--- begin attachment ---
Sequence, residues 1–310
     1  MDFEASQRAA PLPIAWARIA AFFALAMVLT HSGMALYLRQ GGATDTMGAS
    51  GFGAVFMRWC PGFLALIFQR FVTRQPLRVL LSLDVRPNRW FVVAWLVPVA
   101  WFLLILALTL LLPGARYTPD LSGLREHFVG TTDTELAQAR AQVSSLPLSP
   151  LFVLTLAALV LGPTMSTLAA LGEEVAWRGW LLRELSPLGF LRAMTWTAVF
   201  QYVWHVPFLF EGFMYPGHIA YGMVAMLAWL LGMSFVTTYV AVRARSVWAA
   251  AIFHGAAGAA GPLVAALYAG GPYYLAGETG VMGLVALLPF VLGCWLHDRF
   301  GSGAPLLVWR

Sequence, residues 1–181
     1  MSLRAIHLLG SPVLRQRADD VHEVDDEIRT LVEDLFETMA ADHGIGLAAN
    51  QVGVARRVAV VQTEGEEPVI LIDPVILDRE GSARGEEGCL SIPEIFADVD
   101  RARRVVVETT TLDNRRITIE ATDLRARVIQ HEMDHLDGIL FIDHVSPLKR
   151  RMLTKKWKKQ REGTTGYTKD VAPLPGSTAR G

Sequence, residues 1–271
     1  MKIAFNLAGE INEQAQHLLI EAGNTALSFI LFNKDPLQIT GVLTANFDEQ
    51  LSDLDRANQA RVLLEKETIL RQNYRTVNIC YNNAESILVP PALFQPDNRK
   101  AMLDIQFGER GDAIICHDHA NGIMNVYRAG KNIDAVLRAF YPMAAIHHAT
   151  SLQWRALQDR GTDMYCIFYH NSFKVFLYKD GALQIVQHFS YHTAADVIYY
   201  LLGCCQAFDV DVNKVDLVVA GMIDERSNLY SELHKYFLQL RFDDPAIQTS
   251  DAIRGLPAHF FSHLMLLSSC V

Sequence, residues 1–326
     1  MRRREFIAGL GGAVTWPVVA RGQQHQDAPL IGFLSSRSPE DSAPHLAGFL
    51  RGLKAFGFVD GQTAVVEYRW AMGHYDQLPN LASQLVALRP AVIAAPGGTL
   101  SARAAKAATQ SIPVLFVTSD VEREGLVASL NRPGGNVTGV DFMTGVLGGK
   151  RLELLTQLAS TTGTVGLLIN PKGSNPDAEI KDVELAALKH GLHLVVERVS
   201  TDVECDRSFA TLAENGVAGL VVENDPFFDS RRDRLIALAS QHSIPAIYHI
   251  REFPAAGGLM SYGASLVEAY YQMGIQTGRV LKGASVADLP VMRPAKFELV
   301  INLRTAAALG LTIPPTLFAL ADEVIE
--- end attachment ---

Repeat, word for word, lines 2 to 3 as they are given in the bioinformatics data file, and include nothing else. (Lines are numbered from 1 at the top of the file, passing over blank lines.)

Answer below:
     1  MDFEASQRAA PLPIAWARIA AFFALAMVLT HSGMALYLRQ GGATDTMGAS
    51  GFGAVFMRWC PGFLALIFQR FVTRQPLRVL LSLDVRPNRW FVVAWLVPVA